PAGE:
As recently indicated by a global monitoring report on education, there are 250 million illiterate children in the world, 130 million of them at the primary school level. The United States Agency for International Development (USAID) has identified the development impacts on the illiterate generation and has made plans to lead efforts in contributing to universal education.
Human capital is at the foundation of improving the third world. However, providing access to the resources necessary for improving it is a difficult task for nations with weak economies to address.
In addition to the generation of millions of illiterate children, there are also 57 million primary school-aged children that do not have the opportunity to receive an education. Moreover, the areas that contain rampant illiteracy and a lack of educational resources will continue to face problems in the future, thus perpetuating their process of development.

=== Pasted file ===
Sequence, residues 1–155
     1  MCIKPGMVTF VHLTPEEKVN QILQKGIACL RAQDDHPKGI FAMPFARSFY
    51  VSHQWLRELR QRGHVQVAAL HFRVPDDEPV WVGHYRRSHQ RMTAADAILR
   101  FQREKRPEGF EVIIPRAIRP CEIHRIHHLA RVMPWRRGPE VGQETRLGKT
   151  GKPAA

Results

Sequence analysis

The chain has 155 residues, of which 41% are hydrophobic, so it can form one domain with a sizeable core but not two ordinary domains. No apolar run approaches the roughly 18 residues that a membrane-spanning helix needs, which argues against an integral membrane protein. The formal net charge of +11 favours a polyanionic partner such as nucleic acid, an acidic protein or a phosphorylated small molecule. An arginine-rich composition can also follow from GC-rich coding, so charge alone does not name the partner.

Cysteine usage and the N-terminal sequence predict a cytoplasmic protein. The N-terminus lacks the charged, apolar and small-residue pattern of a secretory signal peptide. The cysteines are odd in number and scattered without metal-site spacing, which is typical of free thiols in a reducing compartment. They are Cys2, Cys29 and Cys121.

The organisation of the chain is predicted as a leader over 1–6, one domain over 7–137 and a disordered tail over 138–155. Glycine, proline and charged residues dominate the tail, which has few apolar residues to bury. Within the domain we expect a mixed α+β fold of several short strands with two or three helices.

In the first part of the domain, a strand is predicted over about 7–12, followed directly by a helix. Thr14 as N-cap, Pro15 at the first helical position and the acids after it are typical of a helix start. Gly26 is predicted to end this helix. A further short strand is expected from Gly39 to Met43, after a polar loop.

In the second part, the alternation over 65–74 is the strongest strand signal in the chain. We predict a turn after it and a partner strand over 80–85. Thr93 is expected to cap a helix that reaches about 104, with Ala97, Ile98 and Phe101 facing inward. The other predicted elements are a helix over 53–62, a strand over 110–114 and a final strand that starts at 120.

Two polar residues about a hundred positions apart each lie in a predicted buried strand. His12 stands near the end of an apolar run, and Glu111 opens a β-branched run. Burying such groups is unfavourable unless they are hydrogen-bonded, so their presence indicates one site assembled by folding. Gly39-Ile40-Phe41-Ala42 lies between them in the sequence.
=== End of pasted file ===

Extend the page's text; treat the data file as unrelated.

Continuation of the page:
In conjunction with achieving United Nations Millennium Development Goals of alleviating the international issues along the likes of climate change, hunger, poverty and illiteracy, the U.S. has joined the U.N. Global Education First Initiative. The USAID has already targeted Malawi, Zambia, Kenya and the Philippines for areas to implement programs that would supplement access to quality education.
The USAID has sponsored initiatives to improve literacy rates by establishing reading programs and introducing training programs for teachers as well. Additionally, the USAID has made efforts to improve educational infrastructure in multiple areas. For instance, it has done so by strengthening communication and feedback between teachers and the Department of Education administrators.
Assuming the role of an international leader, the U.S. is mobilizing resources through USAID to promote education as an investment. Its goals are well aligned with the U.N. Millennium Development goals to improve the third world; investment in human capital is a practice that results in a win for everyone.
– Jugal Patel
Sources: DIPNOTE, DIPNOTE U.S. Department of the State Official Blog